Narrator of this book is the Anti-Nassim! Narrator is too friendly and nice. The intensity of Taleb's arguments are turned into bedtime stories. Along with the packaging/cover of the book- unbelievablly bad decisions about how too market the book.
Too nice! Fast. Does not come close to capturing the ESSENCE of what he is reading. This narrator should stick to fiction.
Cut out 3/4 of the book, all the self-indulgent egotistical bosh. He appears to believe we owe him hours of our time attending to his sniveling about how he's the first person in the universe to have a coherent thought, and all the rest of us dumb barbarians hate him. He desperately needed an editor to sit him down and burn the boring pages in front of him, but he appears to be too fragile to cope with that. That he mistakes his inability to edit himself with courage is ironic, and it's downright pathetic that he felt so threatened by his so-called "enemies" that he literally tries to make himself look physically strong. Read/listen to Nate Silver for what this book could have been.
That it took SOOOO freakin' long for him to say anything that I was interested in hearing.
Poor Joe! He did a pretty good job of representing the whiney and yet over-bearing tone of that uncle you really hope doesn't show up for Thanksgiving dinner, but I'm afraid his voice will now forever be associated with it in my mind. I don't know if I'll be able to listen to another book narrated by him unless he can radically change his delivery. The other significantly annoying thing about the narration was the bleeping-out of words. The first time this happened, I was on a plane, and I thought it was some alarm; I practically jumped out of my seat. Then when it happened again, apparently randomly, I thought it was the passenger next to me, who had their phone out. Finally, when I heard it in the airport lounge, I realized it was coming from the narration! After that it was just completely annoying and distracting. Very bad production decision. If you can force yourself to listen to Taleb at any length, his vulgar language is the least of your problems.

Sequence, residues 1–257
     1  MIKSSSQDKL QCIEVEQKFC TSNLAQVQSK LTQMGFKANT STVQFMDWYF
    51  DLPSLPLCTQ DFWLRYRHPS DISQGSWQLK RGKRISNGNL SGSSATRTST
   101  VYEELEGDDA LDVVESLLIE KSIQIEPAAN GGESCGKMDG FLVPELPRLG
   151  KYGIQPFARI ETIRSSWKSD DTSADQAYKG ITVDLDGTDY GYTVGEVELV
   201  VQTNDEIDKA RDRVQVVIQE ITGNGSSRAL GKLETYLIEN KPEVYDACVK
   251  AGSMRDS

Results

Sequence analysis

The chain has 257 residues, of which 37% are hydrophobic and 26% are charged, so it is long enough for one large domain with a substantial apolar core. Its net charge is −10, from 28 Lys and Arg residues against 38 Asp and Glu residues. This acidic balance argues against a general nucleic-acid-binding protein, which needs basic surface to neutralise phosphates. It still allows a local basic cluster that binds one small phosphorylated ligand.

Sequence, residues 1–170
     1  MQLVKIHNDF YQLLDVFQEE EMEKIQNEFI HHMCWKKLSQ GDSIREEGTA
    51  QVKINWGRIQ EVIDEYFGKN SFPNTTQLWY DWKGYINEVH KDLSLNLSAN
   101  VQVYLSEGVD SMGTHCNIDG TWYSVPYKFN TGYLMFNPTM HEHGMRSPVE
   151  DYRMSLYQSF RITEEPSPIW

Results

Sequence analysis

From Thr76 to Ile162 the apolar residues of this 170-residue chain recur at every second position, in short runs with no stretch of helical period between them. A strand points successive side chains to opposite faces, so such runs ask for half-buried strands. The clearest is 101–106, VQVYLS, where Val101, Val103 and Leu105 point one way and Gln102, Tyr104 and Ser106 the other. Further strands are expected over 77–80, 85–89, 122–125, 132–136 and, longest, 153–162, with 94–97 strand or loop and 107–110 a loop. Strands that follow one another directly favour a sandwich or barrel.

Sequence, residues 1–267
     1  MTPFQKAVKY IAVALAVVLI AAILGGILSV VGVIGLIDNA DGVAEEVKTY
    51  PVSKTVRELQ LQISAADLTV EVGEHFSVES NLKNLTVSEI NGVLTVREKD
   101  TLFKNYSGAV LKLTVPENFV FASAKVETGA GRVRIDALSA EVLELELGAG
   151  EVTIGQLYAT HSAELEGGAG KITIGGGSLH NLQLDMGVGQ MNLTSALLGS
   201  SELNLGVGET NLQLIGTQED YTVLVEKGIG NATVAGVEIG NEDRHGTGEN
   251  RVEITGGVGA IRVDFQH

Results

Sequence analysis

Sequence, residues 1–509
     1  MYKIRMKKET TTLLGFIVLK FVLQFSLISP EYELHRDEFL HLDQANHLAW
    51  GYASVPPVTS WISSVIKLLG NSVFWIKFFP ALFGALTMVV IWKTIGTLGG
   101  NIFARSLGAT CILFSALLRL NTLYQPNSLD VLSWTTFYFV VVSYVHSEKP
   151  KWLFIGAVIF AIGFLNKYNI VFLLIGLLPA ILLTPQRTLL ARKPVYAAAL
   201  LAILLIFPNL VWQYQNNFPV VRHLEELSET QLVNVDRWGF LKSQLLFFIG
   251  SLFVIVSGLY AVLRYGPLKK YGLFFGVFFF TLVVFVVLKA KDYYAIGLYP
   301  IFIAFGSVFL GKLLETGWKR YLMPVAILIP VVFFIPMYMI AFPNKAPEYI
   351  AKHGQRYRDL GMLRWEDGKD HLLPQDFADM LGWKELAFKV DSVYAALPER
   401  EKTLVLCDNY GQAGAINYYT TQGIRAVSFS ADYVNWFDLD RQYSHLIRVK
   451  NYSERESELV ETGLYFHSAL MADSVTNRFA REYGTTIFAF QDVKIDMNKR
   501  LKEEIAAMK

Incredible frustration. I was quite interested in the ideas, but screamingly bored and annoyed by the immaturity of the ego-trip. I listen a lot while driving, and for most of the first half, trying to excavate a few gems from the pile of ego sh*t, I was mostly in the mood to stop, kick him to the curb in the Montana wilderness and let him practice being anti-fragile with a passing grizzly. I nearly didn't even download the second half. After I finally held my breath and plunged into the ego-pigsty again, he eventually seems to have run out of (most of) his hot air, and get down to some interesting concepts. I even smiled once--at the part about the ancient technology of shoes, and how we're now being sold a technology for going barefoot. There's some fun, interesting stuff in there, but WHY make it such punishment to get to it?
I would highly recommend reading this in print, so that if you're interested in the ideas, you can skim most of it, particularly the first half. Or good lord, get this guy a ferocious editor, he's in desperate need of help.
I wanted to like it, but Nassim simply doesn't have the mind to write competently on this topic. "there is no antonym for fragile." No? So "durable" isn't an antonym for fragile? "Earth must be perfectly resilient to survive for 4 billion years." No, it doesn't. it doesn't have goals. You don't need to be resilient if you don't have any goals.
Quality, I am interested only in essential quality.
there is a perfect coincidence of this performance and fragility. why censor the author in an Audible book?
makes no sense.
While I am unsure that the author would characterize this as a work of philosophy, I find it a foundational work of deep thoughtfulness that would make philosophy a practical art. Mr. Taleb's understanding of history and commerce are astounding. The definition of "antifragility" is so practical and workable that one wonders why it has not been talked about before. Fortunately, the author offers an answer. His excoriation of my profession, medicine, is incisive, factual and consistent with my 30 year observation of the industry primarily involved in the production of sickness, having an abhorrence of caring for health. Worth the time.